Fair or foul?

What unwritten rule or social norm did Brewers’ slugger Carlos Gomez violate in this at-bat?

Addendum: Major League Baseball decided not to impose any suspension on Pirates’ pitcher Gerrit Cole (not even a token one-game suspension), even though he was the player who started the confrontation that lead to the brawl. Shouldn’t MLB have suspended Mr Cole for at least one game?

About F. E. Guerra-Pujol

When I’m not blogging, I am a business law professor at the University of Central Florida.
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3 Responses to Fair or foul?

  1. shelbynfla says:

    I would say there is a high probablity that they are both testosterone filed grandstanding jerks, regardless of any race name calling comments or hurt feelings… He could have made any derogatory comment, or insult to the pitcher. And an insulted pitcher didn’t need to react like that either. Ridiculous little boys. They both need bigger penalties. Maybe they are upset they aren’t playing hockey. It is the playoffs after all, now there are so e fights and the skates can cause some real blood. –Actually hockey player teammates insult each other as part of de-sensitivity training for insults that will be forthcoming from the other teams when they hit the ice. Maybe we need to try that with these baseball players. I’m sure that whatever he said, hockey players can say it stronger and meaner. (BTW Columbus just scored 2 in the first 4minutes and only 1minute left in the 1st). Pittsburgh isn’t having a good week.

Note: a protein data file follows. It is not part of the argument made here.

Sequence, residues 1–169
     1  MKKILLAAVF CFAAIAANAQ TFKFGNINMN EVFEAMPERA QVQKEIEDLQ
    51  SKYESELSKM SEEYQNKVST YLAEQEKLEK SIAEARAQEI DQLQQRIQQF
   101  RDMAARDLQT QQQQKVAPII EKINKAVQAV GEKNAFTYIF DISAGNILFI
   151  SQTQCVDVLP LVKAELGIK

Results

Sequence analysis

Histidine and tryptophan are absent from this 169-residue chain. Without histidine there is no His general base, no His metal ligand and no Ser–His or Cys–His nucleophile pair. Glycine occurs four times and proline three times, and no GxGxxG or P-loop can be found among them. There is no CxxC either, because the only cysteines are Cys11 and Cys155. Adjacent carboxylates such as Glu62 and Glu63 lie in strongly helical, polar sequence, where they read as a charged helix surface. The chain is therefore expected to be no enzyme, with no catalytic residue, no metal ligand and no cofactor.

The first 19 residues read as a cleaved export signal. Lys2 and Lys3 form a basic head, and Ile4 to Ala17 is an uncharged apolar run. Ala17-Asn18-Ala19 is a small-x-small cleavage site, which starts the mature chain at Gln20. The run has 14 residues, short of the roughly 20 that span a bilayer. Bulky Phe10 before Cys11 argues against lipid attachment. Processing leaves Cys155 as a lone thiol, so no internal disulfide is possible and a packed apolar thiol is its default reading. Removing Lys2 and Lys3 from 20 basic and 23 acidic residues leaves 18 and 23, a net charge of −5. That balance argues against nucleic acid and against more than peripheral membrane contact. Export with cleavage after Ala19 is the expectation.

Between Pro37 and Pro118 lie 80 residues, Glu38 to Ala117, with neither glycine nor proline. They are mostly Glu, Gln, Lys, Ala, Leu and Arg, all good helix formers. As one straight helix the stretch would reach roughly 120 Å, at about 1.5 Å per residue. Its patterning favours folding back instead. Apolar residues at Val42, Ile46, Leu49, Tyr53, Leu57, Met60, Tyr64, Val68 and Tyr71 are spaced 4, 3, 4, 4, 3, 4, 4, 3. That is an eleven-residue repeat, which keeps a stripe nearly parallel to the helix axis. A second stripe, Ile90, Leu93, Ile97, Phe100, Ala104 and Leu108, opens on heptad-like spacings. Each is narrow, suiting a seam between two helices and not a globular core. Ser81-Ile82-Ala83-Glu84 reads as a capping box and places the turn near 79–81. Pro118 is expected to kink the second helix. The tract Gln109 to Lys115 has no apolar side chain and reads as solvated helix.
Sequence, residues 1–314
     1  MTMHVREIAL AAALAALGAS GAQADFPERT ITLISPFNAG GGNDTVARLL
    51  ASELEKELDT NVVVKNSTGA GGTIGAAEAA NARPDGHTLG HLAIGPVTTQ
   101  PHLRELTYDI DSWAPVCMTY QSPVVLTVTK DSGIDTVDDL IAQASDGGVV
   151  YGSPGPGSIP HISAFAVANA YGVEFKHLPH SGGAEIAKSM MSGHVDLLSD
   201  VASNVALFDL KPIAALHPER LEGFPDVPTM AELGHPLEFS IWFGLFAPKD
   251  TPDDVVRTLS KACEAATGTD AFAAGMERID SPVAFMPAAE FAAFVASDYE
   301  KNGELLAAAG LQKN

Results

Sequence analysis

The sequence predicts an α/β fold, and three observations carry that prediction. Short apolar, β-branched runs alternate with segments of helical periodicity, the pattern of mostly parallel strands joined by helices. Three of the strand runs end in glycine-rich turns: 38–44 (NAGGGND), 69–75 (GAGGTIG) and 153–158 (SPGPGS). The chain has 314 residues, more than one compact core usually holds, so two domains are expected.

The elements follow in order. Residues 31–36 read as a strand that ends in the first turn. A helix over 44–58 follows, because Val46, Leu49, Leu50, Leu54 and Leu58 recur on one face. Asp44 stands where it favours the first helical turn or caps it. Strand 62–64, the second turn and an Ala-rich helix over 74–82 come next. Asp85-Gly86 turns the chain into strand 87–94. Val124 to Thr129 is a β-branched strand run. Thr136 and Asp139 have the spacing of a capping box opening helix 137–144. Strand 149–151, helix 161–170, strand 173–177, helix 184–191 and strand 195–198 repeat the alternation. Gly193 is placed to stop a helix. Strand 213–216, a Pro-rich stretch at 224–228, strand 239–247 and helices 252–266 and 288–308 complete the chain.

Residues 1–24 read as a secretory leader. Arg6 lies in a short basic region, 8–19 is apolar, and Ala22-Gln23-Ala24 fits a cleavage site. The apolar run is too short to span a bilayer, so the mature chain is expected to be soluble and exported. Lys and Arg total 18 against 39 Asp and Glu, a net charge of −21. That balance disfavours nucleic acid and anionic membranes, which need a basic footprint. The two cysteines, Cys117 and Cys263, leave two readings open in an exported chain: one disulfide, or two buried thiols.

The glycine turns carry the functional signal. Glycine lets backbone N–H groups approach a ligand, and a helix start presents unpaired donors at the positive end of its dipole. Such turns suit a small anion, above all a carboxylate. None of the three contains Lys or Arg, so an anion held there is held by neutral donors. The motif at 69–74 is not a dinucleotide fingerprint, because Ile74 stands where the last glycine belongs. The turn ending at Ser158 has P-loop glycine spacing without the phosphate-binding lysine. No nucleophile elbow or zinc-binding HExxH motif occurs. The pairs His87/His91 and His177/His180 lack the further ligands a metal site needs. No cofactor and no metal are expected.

2. enrique says:

    Thanks for your thoughtful comment … it is interesting to note that fights are more common in hockey than in other sports … What about bench-clearing brawls, though? Also, why are there different equilibria (as well as different “aggression frequencies”, for lack of a better term) in hockey as compared to baseball. That is, why are fights more rare in baseball, but also why do most fights in baseball end up with all the players getting off the bench?

  3. shelbynfla says:

    It’s possible that the amount or level of fighting stems from the specific sport’s beginning; as baseball was a “gentleman’s” sport, a poor man’s cricket… And hockey – I have no idea, perhaps it was created somewhere cold and played by Vikings, and then tough Canadians. The hockey players also have a lot more padding and protective clothing, which may allow for more physical contact. Either way, both sports have evolved as media now captures the words that only those on the field and Ice were privy to hear. Both have surpassed sportsmanlike behavior. Tonight the commentators were speaking of the Blues/Blackhawks game from yesterday, where a Blackhawks player made fun of a Blues player who was severely injured when the puck hit him in the head. Both teams went at each other in the same way as the baseball game, defending the honor or their teammate. The commentator said, if you don’t want to hear the words, turn down your volume. I hope that the masses actually do not want to hear racial slurs, insults, and mean behavior. However it was also called “good drama”, which brings everything around to marketing and the financial reward that comes from a potential battle during a playoff game. (Or a rival baseball game.) What is the statistic regarding: How many kids stay to watch a playground fight in the school yard? I would guess a majority of kids stay and watch… They are the same hopeful fans paying for the tickets for these sporting events. Until they stop buying, the fighting, terrible behavior and small penalties. won’t stop either. Of course tonight at the end of the first period, only 1 punch has been thrown and it’s a relatively boring game–perhaps the teams were warned accordingly.

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